Pinning down the shifting phonetics of English (2)

Last week, we saw that spelling in English is rather less straightforward than in Setswana. That is why, in primary school, children learn to read and enunciate English words firstly through phonics (that is, a method of teaching the ‘art’ of reading, pronunciation and spelling based on the phonetic spelling of ordinary words).

The terms ‘phonics’ and ‘phonetics’ are based on the Greek term phono, which means ‘sound’…thus alluding to the process of enunciation. In this particular mini-series, however – this being the second and final instalment – we specifically addressed ‘phonemes’ (defined last week) that, in English, involved compound letters…concentrating particularly on vowels that, in English, sound-shift because of the appendage of an ‘e’ in their spelling: for example in ‘cage’ where the ‘a’ sound-shifts from ah (or eh) to ei, and in ‘kite’ where the ‘i’ sound-shifts from ee to ai. When we looked deeper into such ‘strange’ spellings that do not look quite like they enunciate, we found that such spelling typically hid the ancient way in which such words – if they also happen to be proto-terms – were most probably pronounced, and that Setswana helps uncover that. We must pause, here,  to note that you might not find the word ‘proto-term’ in any dictionary or study of linguistics: it is a term I coined to express what linguistics is officially doubtful about: that there was once indeed an ancient, universally-common mother-language we once all spoke…exactly as alluded to in Genesis 11. However, and contrary to the official position of linguistics, I have not only unearthed distinct vestiges of that protolanguage, but have found that Setswana is, in all probability, the closest living language to that now-lost mother-language.

This week we start off by looking at proto-terms that are a compound of two vowels. An example of this is the oe in ‘toe’ (the tallest, biggest foot digit). In English, the ‘toe’ is pronounced as tou, but we can definitively relate the proto-term to toe (‘peak, most prominent, primary’, now (se)tlhoe in modern Setswana). What we must immediately note here is that because the ‘o’ and the ‘e’ in oe are enunciated separately, they compound to give us the labial (lip-based articulation) we. And that is how, typically, the phoneme is spelt in current Setswana…although the older spelling oe is still retained in Sesotho. Another example of where the proto-term enunciation was truer to the English spelling is the au in ‘paucity’ (‘scarcity, dearth, lack of’).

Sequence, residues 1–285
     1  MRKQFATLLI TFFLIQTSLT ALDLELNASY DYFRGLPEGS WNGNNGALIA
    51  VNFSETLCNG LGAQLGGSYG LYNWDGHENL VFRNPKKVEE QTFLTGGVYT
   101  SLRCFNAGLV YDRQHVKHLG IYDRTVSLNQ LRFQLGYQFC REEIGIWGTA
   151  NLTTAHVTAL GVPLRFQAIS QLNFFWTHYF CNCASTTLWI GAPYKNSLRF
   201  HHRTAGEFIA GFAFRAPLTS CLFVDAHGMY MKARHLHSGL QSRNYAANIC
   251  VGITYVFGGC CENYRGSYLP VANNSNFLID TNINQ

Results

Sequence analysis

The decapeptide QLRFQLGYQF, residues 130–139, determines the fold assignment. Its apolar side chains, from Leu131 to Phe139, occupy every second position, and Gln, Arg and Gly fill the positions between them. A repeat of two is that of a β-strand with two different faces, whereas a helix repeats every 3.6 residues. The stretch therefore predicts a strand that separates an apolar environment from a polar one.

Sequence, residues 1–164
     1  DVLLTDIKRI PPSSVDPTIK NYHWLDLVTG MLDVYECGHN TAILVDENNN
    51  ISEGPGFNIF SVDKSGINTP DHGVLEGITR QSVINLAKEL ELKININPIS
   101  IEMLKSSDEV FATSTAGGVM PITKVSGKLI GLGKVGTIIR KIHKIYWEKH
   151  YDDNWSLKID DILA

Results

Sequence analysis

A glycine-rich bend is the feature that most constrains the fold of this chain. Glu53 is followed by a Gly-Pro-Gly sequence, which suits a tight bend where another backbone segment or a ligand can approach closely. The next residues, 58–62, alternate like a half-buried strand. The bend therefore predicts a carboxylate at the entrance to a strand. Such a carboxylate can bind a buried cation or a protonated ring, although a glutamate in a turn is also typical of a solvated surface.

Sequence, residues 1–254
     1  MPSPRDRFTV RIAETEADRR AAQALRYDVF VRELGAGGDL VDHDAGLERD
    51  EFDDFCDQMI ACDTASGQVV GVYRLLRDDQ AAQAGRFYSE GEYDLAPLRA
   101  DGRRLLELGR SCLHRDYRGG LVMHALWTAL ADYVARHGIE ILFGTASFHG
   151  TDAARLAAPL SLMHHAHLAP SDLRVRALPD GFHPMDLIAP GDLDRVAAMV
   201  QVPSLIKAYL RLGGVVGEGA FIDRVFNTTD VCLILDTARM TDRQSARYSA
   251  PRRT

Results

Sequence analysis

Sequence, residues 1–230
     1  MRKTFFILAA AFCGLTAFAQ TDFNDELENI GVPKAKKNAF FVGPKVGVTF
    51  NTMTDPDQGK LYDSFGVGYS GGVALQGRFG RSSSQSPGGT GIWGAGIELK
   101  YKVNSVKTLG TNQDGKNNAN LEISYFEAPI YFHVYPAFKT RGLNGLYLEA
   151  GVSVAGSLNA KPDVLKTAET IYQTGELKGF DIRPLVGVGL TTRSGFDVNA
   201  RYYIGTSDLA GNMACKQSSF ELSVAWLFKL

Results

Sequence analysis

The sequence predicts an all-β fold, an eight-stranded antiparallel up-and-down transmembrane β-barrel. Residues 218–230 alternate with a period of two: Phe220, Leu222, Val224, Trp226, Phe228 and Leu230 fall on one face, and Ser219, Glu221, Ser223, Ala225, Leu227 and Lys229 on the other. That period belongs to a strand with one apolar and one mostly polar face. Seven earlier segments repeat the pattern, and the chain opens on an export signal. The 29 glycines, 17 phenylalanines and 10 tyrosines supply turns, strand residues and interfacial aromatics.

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Women's bodies are not a man's playground!

In most of these cases, all this violence is done in the name of love! Love is a beautiful thing and no one who claims to love another can ever wish harm on the object of their affection let alone inflict pain upon them.A few weeks ago, the nation was shaken following the gruesome murder of two little innocent souls by their father, who after that painful act committed suicide. One of the biggest challenges that we face as a nation is that we...

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